What We’re Reading: War for the Oaks by Emma Bull
At the Literarty Party a few weeks ago, Rob Callahan commented on the sci-fi and fantasy community here in the Twin Cities and made mention of Emma Bull. Callahan and I chatted for a bit about the fact that both of us have never read Bull’s most well known novel, War for the Oaks (1987), yet both of us have copies sitting on our shelves. So I decided, finally, that I’d waited too long.
Bull is considered a pioneer of “urban fantasy.” In War for the Oaks the “urban setting” is Minneapolis and St. Paul, where I grew up, and the parks and music venues these cities contain. At this point I should admit a couple of biases, the first being that I became enamored of books by reading fantasy novels like War for the Oaks. I still love fantasy, and I’m uncomfortable with the separation between fantasy fiction and “literary” fiction. But that’s a topic for another post. My other bias is that I love the Twin Cities and the music scene here with all of my heart. Knowing that, I jumped headlong into this book and didn’t look back.
War for the Oaks follows Eddi McCandry, a rock n’ roller whose band and relationship fall apart at the same time, who gets drafted into a war between faeries. At first, Eddi rebels against the faerie wishes, but as she learns the context of the dispute she warms to her new friends and accepts her role in the war. The story isn’t all battles and otherworldly beings, however, and we also get the story of Eddi owning her musician leanings as she forms a new band, unwittingly pulling her best friend into the faerie world as well.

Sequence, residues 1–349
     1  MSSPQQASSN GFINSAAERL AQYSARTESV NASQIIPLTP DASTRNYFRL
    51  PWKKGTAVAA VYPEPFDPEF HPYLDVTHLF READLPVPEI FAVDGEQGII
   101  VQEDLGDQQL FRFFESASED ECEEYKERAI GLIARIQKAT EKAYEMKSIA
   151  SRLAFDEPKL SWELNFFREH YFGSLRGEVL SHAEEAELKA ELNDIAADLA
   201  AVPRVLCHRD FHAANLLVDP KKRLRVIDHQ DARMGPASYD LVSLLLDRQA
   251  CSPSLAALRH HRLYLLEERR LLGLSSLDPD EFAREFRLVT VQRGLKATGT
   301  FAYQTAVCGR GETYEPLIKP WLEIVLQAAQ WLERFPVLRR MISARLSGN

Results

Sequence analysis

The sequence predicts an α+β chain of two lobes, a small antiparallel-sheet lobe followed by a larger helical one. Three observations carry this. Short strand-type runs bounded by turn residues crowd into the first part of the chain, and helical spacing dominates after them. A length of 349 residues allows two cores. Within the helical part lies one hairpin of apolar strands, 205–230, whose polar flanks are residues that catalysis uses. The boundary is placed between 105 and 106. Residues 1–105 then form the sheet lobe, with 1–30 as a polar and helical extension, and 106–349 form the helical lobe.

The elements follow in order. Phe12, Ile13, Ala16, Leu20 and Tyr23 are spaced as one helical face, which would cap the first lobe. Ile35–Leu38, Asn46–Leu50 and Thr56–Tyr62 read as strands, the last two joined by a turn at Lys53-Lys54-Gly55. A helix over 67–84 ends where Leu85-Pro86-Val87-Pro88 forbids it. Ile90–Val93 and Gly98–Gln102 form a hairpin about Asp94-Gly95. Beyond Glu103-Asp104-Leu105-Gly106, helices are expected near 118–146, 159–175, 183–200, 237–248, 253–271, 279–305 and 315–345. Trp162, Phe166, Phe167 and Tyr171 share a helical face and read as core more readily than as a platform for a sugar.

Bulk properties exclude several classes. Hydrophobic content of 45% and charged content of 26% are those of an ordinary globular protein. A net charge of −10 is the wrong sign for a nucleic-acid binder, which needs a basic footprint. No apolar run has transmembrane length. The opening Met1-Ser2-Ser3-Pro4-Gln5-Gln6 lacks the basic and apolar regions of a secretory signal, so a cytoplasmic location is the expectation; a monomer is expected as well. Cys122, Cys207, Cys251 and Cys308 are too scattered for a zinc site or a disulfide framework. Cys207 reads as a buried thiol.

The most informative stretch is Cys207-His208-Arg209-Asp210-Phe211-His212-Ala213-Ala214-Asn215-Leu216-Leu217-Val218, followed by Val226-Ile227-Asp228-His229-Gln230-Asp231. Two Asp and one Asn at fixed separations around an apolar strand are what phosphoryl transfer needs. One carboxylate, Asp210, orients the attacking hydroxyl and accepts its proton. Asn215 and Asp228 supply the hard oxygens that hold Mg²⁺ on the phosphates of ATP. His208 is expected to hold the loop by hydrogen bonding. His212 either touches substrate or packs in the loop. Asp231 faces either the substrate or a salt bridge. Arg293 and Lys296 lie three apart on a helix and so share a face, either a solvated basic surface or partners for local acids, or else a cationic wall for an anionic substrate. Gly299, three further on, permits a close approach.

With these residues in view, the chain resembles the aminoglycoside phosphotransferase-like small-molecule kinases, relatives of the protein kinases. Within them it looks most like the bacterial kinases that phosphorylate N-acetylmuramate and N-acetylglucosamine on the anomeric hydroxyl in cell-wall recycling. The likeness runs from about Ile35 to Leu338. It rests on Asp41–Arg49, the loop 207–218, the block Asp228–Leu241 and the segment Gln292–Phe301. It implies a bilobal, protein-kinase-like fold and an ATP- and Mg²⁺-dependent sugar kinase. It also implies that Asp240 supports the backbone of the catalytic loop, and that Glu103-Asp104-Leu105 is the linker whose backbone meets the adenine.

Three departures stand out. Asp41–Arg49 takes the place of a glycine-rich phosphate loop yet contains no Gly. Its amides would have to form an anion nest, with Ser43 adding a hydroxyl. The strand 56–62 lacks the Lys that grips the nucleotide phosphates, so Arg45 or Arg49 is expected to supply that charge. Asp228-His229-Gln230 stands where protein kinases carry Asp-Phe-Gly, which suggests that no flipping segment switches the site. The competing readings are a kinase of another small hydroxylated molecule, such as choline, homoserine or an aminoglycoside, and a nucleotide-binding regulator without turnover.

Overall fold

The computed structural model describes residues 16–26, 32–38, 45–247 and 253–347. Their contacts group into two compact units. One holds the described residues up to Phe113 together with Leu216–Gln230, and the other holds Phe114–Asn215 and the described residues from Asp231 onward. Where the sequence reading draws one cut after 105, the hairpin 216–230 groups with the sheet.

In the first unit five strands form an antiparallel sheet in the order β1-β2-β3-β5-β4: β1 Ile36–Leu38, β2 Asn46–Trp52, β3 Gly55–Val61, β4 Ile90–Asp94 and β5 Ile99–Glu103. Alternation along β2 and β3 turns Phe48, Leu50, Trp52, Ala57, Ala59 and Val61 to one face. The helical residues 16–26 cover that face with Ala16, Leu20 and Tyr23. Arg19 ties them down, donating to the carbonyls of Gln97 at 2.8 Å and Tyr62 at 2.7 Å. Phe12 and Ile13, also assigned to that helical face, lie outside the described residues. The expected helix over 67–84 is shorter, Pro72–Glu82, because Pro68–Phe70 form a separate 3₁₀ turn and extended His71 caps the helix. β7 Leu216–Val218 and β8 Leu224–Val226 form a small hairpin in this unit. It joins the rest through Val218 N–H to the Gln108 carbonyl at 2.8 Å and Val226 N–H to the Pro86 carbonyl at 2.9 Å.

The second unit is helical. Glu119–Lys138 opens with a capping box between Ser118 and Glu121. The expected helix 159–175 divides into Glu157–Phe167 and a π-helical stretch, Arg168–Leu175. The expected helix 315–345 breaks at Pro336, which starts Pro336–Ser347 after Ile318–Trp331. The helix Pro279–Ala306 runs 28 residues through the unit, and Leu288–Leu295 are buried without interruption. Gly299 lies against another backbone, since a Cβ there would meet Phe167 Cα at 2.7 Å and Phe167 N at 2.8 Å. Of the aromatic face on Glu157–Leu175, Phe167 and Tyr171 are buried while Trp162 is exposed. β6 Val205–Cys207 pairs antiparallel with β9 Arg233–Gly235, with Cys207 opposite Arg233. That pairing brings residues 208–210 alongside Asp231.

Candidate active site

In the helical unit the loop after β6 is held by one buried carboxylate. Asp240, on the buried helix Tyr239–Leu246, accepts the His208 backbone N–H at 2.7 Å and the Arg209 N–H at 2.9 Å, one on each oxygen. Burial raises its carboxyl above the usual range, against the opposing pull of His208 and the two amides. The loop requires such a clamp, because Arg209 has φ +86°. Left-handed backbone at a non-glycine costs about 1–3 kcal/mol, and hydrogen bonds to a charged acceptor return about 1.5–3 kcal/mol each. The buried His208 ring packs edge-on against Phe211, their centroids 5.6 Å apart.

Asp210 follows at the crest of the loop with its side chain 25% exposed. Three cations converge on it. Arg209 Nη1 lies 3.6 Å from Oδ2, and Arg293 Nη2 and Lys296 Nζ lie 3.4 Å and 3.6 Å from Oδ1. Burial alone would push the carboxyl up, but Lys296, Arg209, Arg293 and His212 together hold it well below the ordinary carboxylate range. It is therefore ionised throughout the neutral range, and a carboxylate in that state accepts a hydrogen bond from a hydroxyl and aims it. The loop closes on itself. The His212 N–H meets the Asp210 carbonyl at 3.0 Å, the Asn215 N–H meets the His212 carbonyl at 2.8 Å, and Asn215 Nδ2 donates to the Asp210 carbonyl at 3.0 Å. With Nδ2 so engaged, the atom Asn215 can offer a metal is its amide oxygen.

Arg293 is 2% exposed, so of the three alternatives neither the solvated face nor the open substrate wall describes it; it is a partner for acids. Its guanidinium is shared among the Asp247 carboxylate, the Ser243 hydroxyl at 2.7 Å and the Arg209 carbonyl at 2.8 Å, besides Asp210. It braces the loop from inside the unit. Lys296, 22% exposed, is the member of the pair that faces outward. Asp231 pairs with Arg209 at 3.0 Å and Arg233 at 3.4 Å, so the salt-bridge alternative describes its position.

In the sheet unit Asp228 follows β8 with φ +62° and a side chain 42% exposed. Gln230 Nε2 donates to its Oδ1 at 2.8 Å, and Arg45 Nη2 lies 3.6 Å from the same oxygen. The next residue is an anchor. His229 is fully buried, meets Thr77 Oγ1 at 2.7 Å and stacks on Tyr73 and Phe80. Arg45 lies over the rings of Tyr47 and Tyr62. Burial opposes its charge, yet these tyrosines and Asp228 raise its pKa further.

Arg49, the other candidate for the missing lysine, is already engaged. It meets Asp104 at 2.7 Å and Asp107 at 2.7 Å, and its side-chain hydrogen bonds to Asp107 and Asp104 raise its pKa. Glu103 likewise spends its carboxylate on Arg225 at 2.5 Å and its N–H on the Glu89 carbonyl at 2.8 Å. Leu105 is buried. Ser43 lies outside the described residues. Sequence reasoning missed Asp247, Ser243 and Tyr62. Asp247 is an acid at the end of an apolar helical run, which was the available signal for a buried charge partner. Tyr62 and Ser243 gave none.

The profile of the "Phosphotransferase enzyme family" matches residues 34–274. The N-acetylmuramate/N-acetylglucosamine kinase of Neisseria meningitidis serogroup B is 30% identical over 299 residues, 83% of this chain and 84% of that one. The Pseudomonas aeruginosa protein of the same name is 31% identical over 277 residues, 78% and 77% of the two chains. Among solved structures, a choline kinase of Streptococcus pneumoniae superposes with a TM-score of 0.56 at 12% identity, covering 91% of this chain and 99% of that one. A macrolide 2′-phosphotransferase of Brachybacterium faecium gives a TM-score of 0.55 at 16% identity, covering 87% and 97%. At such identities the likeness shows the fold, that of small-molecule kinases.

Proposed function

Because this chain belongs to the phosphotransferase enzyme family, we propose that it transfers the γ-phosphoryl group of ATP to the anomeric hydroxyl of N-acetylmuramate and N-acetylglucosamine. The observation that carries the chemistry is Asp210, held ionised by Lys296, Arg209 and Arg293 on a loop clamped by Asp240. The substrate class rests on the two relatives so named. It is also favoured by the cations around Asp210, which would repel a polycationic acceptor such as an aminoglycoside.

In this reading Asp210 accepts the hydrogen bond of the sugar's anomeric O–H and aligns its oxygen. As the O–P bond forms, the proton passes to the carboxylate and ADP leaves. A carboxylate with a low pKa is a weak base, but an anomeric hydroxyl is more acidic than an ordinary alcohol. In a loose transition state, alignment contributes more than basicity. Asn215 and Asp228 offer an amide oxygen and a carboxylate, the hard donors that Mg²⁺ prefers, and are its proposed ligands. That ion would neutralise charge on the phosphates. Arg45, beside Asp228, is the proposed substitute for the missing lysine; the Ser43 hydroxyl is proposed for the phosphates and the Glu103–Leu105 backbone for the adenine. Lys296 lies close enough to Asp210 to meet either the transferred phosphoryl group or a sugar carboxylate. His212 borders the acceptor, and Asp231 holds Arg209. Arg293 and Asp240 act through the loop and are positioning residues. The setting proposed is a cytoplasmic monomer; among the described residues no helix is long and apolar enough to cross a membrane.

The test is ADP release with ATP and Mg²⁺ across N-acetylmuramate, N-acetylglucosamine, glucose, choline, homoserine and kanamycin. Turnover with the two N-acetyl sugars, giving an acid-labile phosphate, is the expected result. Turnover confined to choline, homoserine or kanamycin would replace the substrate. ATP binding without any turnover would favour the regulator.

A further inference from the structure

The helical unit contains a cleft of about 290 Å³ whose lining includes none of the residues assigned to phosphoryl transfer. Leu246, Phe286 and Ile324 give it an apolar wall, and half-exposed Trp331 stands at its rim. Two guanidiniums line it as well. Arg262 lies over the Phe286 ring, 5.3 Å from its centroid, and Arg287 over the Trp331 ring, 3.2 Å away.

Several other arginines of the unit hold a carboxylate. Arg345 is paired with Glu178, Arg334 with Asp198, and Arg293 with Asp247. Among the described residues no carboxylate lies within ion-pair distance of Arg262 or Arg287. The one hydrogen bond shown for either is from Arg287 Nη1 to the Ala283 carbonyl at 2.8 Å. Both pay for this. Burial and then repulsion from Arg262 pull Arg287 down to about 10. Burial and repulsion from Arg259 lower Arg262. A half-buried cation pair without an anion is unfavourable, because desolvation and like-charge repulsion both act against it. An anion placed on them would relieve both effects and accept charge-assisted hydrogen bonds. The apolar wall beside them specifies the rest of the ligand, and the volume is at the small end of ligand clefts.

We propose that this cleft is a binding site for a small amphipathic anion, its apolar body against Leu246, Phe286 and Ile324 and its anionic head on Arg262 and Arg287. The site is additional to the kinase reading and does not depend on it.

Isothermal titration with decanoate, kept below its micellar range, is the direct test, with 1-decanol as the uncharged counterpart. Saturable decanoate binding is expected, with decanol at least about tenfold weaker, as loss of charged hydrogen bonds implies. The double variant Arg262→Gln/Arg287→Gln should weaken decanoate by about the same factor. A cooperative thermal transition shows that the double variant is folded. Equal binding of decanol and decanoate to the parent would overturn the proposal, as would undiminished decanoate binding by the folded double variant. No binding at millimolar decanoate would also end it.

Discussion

My biases and nostalgic feelings towards fantasy novels and Minneapolis aside, War for the Oaks feels like a first novel. All of the fun parts of a fantasy are present—the heightened sense of reality, magic, epic battles—but the writing occasionally falls into the tropes of the genre: a too clear definition between good and evil, a misfit who accepts herself and becomes a hero, and some unsurprising romance. Thankfully, Eddi is a strong female main character in a genre lacking in strong women, even today. Even though the story is occasionally so predictable that the reader sees what’s next pages before it comes, Bull’s character and book are redeemed by a strong sense of place, and a main character who, simply by being female, fills a void in the fantasy genre.
I look forward to reading more of Emma Bull’s work and seeing how she’s grown as a writer in the last twenty-five years. For me, War for the Oaks will go on my list of fantasy books that I can pull out and read in an afternoon to reignite the sense of fun I get from reading—that sense of fun I first learned when I was growing up reading fantasy novels and listening to local music.
How do your biases color your opinions of books? Do you try to leave those biases aside, or simply embrace them?